In spite of the fact that, at least as recently as November of 2008, a sizeable majority of Americans knew that the Repugs are the problem, not the solution, the Dims have been dim enough to discourage a lot of their former supporters, who now seem amnesic enough to return the Repugs to power, in which case they will screw things up even more.  Here and there, where an election is local enough so that face-to-face contact can win out over media barrages, the Green Party will make some inroads, but neither we nor anybody else with sense and solutions is likely to come to power in this country.

It’s sad and poignant.  We are not only poised at the close of the American Empire, we are poised at the decline of human civilization as we have always known it.  We will never again be this wealthy and this powerful.  We are about to run out of cheap oil and the weather is about to go nuts, but nearly everybody is partying like the good times are going to go on forever.  They’re not.  The last two hundred years have been a deluded dream.  We are about to be rudely awakened, and will have one mighty hangover when we come to our senses.

music:  Greg Brown, Worrisome Years

closing notes

12 07 2007

I appreciate the overall tone of that song, but I have to take its gallows references as a metaphor for the end of a dysfunctional identity–like being a member of the Bush/Cheney administration—not the termination of a human life. Scum that they are, I wish them no harm. When I hear the refrain, ” I’d like to see him dance.” I do not visualize Mr. Bush dancing at the end of a rope. I see him—and his wife, and all that whole sad, inhibited, psychotic crowd–dancing around a fire at a Rainbow Gathering, dancing long past midnight to raging drums and shakers and shrill flutes, their eyes unfocused, sweat pouring off their bodies, hair gone wild, ripples of ecstasy shimmering through their brains, having the time of their lives at last. I don’t want the Bush junta hung, folks. I want them, as the Firesign Theater calls it, “returned for regrooving.” Enough said.

This month’s “truth in strange places” award goes to Senator Jim Inhofe of Oklahoma, who is famous for calling global warming “a hoax.” He joined with Senators Jim Jeffords, Mary Landrieu, and David Vitter to pass a bill closing the Mississippi River Gulf Outlet Channel, an Army Corps of Engineers boondoggle that helped the flooding of New Orleans last summer and has been responsible for the erosion of thousands of acres of southern Louisiana wetlands. Thanks, Jim. Now, about the rest of your record…

And we give the “one step forward, one step back” award to both Japan and Norway. Japan has decided to withdraw its troops from Iraq, and Norway is undertaking the construction of a a world seed bank on the isolated and, so far, frozen island of Spitzbergen; but the two countries teamed up to soften the International Whaling Commission’s ban on commercial whaling. The Japanese got permission to expand the number of whales they catch for “scientific study”–and oh, their scientific studies are financed by selling the whale meat they just happen to harvest for $100 a pound. Thar she blows! And I mean it–that really blows!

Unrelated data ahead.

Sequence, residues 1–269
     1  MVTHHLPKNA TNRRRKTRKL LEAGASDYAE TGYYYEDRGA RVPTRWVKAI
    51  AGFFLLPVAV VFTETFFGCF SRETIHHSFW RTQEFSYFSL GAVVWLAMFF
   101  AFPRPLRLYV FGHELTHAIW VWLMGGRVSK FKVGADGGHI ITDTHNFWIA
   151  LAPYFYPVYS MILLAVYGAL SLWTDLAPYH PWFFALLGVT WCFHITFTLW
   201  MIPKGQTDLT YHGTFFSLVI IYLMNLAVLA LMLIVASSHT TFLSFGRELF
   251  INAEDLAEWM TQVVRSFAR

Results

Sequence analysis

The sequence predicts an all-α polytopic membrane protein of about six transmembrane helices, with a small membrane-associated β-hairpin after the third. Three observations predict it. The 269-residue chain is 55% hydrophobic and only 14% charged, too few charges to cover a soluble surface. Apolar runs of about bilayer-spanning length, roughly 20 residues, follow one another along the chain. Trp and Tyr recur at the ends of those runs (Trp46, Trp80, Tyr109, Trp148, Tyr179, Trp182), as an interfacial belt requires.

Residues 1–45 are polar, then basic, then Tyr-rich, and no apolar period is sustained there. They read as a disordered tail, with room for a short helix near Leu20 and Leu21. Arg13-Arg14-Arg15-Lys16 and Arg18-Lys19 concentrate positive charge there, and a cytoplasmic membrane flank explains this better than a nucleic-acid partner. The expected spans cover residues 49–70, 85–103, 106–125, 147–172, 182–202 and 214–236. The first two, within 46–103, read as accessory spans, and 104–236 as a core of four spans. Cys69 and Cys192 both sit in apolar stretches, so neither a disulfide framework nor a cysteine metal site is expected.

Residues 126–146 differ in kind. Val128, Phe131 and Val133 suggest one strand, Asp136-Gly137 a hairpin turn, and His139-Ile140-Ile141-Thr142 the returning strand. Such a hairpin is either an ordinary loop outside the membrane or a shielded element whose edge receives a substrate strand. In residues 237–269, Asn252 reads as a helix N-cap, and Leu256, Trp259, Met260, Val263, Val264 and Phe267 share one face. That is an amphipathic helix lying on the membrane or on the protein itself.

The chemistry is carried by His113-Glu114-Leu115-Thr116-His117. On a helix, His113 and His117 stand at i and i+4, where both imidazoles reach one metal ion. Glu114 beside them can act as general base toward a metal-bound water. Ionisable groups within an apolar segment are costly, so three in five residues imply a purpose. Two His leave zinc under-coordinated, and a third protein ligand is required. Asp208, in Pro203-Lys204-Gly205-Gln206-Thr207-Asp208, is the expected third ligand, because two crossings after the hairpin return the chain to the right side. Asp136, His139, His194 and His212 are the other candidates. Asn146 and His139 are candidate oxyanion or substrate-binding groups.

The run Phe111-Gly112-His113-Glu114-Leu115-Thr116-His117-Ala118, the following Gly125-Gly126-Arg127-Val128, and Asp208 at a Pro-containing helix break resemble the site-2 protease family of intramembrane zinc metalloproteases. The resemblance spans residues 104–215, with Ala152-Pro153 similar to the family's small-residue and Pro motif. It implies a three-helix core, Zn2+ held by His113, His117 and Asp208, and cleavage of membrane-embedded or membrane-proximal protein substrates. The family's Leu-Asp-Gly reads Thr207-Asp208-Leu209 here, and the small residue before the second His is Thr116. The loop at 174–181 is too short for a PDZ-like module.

And finally, we give the “my dog ate my homework” lame excuse award to the Bush administration and their leading defenders in Congress, who argued with a straight face for seizure of prescription drugs that individuals bring back from Canada on the grounds that they could be used to hide dangerous chemicals for terror attacks. If you or I insisted on something that ludicrous, we’d be candidates for prescription drugs, ourselves. But nooo, this is the government…..our tax dollars at work…good grief! Fortunately, even the Republican-dominated Senate wasn’t buying that level of looniness, and the bill failed.

John and Beth will be here with you next week. Good night!


James McMurtry: See the Elephant

The Waterboys: Wind in the Wires


11 05 2007

When you start loading Nashville mayoral candidate David Briley’s website, the first thing that pops up at you (even if you’ve got a popup blocker) is a green-and-white page proclaiming that David Briley is “The Green Mayor,” and an accompanying sustainability program that, really, isn’t bad at all from a Green standpoint.  Now, the Nashville mayoral race is supposed to be nonpartisan–but “Green” is, after all, the name of a certain political party that is active in this state, although Mr. Briley did not ask for our endorsement or even permission.  He has hijacked our brand name!  Should we sue?  What’s a poor third party to do? And I do mean poor! But then, there are “green building codes” and “greenways” and “green power switches”  and a memorable REM album that don’t have anything to do with us, either, but they’re not political offices.  How should we resolve this confusion?  I’m open to suggestions.